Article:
- Birthday, Books, Quotes, Reading, Writing

“It is in tune with the tempo of life — scattered yet welded into the whole, — broken, yet woven together.”

 

Happy birthday, William Carlos Williams! Here are some quotes from the writer.

 

“My first poem was a bolt from the blue…it broke a spell of disillusion and suicidal despondence.…it filled me with soul satisfying joy.”

 

“There is no poetry of distinction without formal invention, for it is in the intimate form that works of art achieve their exact meaning, in which they most resemble the machine, to give language its highest dignity, its illumination in the environment to which it is native.”

 

“The better work men do is always done under stress and at great personal cost.”

 

“Do we not see that we are inarticulate? That is what defeats us.”

 

“It’s a strange world made up of disappointments for the most part. I keep writing largely because I get a satisfaction from it which can’t be duplicated elsewhere. It fills the moments which otherwise are either terrifying or depressed. Not that I live that way, work too quiets me.”

 

“To tell the truth, I myself never quite feel that I know what I am talking about—if I did, and when I do, the thing written seems nothing to me. However, what I do write and allow to survive I always feel is worth while and that nobody else has ever come as near as I have to the thing I have intimated if not expressed. To me it’s a matter of first understanding that which may not be put to words. I might add more but to no purpose. In a sense, I must express myself, you’re right, but always completely incomplete if that means anything.”

 

“One thing I am convinced more and more is true and that is this: the only way to be truly happy is to make others happy. When you realize that and take advantage of the fact, everything is made perfect.”

 

“The job of the poet is to use language effectively, his own language, the only language which is to him authentic.”

 

“Poetry demands a different material than prose. It uses another facet of the same fact…the spontaneous conformation of language as it is heard.”

 

“It’s a strange world made up of disappointments for the most part.”

 

“Why do we live? Most of us need the very thing we never ask for. We talk about revolution as if it was peanuts. What we need is some frank thinking and a few revolutions in our own guts; to hell with what most of the sons of bitches that I know and myself along with them if I don’t take hold of myself and turn about when I need to—or go ahead further if that’s the game.”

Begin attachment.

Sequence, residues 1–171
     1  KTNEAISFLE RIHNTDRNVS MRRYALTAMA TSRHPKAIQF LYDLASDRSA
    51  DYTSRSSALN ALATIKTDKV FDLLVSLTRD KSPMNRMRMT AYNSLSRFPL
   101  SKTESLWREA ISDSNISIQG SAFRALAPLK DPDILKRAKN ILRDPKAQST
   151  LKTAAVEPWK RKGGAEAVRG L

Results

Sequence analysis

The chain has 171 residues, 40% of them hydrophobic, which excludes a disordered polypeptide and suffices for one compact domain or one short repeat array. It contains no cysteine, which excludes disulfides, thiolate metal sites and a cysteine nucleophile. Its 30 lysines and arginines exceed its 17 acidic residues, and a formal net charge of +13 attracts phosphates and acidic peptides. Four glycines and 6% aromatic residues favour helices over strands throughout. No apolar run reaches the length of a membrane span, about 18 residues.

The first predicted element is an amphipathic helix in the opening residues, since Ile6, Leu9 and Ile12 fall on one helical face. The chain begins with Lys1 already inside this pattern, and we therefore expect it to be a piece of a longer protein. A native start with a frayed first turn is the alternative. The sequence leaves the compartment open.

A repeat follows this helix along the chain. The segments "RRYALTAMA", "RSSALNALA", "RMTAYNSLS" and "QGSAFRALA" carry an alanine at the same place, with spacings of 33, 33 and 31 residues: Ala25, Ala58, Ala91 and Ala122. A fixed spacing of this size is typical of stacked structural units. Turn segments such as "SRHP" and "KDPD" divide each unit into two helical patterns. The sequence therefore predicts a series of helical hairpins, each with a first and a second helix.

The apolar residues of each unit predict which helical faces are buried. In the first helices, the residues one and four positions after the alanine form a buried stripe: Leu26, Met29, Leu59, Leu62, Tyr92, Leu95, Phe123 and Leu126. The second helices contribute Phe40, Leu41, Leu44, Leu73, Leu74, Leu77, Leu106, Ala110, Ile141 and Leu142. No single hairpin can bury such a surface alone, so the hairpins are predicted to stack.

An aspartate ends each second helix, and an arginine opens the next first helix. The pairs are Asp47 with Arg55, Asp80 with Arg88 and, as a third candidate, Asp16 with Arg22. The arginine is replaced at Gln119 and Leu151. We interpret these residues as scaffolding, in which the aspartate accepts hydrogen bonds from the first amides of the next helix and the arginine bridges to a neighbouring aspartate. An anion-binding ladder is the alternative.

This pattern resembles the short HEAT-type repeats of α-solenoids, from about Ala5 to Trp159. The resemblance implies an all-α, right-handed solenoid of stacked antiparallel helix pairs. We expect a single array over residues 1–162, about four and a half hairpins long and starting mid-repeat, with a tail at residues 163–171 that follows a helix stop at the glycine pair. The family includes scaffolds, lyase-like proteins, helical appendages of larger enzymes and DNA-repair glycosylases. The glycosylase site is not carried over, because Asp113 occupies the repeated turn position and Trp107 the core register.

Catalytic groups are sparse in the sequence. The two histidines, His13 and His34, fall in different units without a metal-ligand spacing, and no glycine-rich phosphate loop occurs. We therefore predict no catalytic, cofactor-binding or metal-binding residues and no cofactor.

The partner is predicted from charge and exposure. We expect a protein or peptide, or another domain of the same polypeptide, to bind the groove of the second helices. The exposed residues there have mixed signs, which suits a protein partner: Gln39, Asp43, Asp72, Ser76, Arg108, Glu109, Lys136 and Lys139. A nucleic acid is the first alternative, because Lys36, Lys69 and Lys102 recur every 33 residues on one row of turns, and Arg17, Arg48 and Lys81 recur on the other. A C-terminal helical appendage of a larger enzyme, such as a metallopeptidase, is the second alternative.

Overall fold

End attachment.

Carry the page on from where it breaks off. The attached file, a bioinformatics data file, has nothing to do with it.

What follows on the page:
“What is the use of reading the common news of the day, the tragic deaths and abuses of daily living, when for over half a lifetime we have known that they must have occurred just as they have occurred given the conditions that cause them? There is no light in it. It is trivial fill-gap. We know the plane will crash, the train be derailed. And we know why. No one cares, no one can care. We get the news and discount it, we are quite right in doing so. It is trivial. But the hunted news I get from some obscure patients’ eyes is not trivial. It is profound: whole academies of learning, whole ecclesiastical hierarchies are founded upon it and have developed what they call their dialectic upon nothing else, their lying dialectics. A dialectic is any arbitrary system, which, since all systems are mere inventions, is necessarily in each case a false premise, upon which a closed system is built shutting out those who confine themselves to it from the rest of the world. All men one way or another use a dialectic of some sort into which they are shut, whether it be an Argentina or a Japan. So each group is maimed. Each is enclosed in a dialectic cloud, incommunicado, and for that reason we rush into wars and prides of the most superficial natures.”

 

“The art of the poem nowadays is something unstable; but at least the construction of the poem should make sense; you should know where you stand. Many questions haven’t been answered as yet. Our poets may be wrong; but what can any of us do with his talent but try to develop his vision, so that through frequent failures we may learn better what we have missed in the past.”

 

“The arts have a complex relation to society. The poet isn’t a fixed phenomenon, no more is his work.”

 

“There’s nothing sentimental about a machine, and: A poem is a small (or large) machine made of words.”

 

“Prose may carry a load of ill-defined matters like a ship. But poetry is the machine which drives it, pruned to a perfect economy.”

 

“Each speech having its own character, the poetry it engenders will be peculiar to that speech also in its own intrinsic form. The effect is beauty, what in a single object resolves our complex feelings of propriety.”

 

“When a man makes a poem, makes it, mind you, he takes words as he finds them interrelated about him and composes them—without distortion which would mar their exact significances—into an intense expression of his perceptions and ardors that they may constitute a revelation in the speech that he uses. It isn’t what he says that counts as a work of art, it’s what he makes, with such intensity of perception that it lives with an intrinsic movement of its own to verify its authenticity.”

 

John Madera's fiction may be found in Conjunctions, Opium Magazine, The &Now Awards 2: The Best Innovative Writing, and many other journals. His criticism may be found in American Book Review, Bookforum, The Review of Contemporary Fiction, Rain Taxi: Review of Books, The Believer, The Brooklyn Rail, and many other venues. Recipient of an M.F.A. in Literary Arts from Brown University, John Madera lives in New York City, where he runs Rhizomatic and manages and edits Big Other.

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